Tibetan nomads near starvation after hard winter Harsh winter has Tibet an nomads close to

Yaks are among the hardiest creatures on earth, but not even these long- haired beasts have been able to withstand the cruellest winter in over a century in the heart of Asia.

Months of drought on the 18,000ft Tibetan plateau, followed by the worst blizzards in living memory and night temperatures of -45C, may kill up to a million yaks, cattle and sheep.

This is a disaster for 100,000 Tibetan nomads, who are entirely dependent on their herds and now face starvation. The Chinese authorities in Sichuan and Qinghai provinces have used up their relief supplies, and are turning to outside agencies for help.

Serge Depotter, a foreign relief worker who recently visited the worst- affected areas, said several dozen people had died from cold, and 28,000 more were suffering from frostbite and snow blindness. Respiratory infections, including tuberculosis, have become rife among the malnourished population.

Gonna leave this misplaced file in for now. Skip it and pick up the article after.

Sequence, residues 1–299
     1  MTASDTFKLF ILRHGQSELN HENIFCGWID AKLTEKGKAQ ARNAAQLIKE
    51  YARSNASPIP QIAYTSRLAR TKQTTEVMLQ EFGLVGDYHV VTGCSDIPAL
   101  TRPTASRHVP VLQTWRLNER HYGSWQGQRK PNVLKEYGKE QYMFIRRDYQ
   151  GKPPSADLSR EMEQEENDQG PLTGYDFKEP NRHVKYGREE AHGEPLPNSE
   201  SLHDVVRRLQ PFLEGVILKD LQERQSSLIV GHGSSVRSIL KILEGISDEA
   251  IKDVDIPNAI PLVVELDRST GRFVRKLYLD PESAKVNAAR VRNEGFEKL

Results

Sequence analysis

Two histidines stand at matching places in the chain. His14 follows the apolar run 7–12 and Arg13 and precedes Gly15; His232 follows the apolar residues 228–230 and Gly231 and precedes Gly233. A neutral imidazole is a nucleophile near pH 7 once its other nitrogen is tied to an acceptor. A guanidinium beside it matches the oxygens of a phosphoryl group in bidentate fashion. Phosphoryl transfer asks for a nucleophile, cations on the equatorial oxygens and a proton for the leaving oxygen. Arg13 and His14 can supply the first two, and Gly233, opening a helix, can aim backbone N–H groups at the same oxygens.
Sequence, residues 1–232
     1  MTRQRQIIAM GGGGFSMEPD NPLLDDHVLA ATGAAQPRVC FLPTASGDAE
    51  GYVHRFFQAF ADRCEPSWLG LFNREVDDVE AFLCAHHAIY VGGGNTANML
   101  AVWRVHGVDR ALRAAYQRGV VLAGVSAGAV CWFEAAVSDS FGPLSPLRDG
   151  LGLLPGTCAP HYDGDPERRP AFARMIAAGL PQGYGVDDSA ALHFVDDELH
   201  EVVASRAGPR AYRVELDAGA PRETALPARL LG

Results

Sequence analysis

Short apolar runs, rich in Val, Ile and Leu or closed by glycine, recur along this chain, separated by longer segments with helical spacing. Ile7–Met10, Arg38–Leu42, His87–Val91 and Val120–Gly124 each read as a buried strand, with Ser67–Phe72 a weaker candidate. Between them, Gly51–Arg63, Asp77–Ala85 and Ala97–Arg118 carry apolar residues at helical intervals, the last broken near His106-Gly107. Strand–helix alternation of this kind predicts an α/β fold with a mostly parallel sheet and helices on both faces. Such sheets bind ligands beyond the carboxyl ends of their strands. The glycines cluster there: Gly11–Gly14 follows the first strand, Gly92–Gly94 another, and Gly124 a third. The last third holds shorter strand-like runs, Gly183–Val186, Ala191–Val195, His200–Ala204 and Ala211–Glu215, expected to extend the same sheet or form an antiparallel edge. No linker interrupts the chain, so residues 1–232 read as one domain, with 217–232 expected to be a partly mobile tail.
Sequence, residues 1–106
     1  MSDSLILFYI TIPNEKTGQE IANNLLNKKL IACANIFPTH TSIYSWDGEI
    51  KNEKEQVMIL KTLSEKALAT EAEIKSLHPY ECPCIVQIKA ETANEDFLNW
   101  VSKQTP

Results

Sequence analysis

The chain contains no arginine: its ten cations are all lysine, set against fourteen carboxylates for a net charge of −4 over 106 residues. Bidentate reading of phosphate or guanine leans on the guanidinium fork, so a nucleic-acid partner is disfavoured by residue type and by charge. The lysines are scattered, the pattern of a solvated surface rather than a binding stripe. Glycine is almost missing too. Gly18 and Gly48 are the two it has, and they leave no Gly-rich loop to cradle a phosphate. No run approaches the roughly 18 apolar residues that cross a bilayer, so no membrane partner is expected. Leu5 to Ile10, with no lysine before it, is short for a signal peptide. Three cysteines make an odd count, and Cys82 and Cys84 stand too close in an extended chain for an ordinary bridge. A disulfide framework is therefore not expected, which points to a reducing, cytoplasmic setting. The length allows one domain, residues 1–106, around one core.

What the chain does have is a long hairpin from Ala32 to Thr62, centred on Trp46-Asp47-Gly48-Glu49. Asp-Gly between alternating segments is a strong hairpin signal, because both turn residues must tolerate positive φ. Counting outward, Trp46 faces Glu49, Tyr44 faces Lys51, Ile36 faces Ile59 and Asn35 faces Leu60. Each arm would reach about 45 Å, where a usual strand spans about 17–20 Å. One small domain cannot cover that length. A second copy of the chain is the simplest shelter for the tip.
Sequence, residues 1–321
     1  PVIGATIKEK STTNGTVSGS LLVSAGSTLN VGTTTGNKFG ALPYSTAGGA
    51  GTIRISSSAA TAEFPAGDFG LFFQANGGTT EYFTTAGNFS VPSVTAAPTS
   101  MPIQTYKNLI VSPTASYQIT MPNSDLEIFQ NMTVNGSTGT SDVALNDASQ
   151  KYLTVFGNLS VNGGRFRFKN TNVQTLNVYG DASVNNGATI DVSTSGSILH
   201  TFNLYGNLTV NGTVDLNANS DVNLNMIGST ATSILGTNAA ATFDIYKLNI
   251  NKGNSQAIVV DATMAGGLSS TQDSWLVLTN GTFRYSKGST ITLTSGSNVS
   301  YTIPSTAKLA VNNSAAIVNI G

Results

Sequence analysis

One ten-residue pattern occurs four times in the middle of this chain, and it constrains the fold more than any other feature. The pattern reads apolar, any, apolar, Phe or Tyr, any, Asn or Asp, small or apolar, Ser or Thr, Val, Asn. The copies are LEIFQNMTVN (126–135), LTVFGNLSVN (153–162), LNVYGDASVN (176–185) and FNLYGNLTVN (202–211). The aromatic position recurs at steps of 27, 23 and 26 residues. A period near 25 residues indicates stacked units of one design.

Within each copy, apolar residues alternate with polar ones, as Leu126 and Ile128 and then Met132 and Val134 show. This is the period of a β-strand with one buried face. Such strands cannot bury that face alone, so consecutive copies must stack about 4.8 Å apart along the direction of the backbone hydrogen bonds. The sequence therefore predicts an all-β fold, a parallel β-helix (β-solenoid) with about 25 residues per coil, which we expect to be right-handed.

Mr Depotter's organisation, the Belgian branch of Medecins Sans Frontieres, has organised a truck convoy to bring 1,200 tonnes of barley, medicines and other supplies to the starving nomads. "It is no longer possible to try to save the livestock, only the people," said an official of the Qinghai provincial government. But the herdsmen are entirely dependent on their animals for food, fuel, clothing and hides for their tents.

Sean Mayne Smith, a photographer who returned this week from the disaster area, said the Chinese authorities had had to dissuade the nomads from giving relief food to their animals. "Without their herds, these people have nothing," he said. "They are as poor as the people of Ethiopia."

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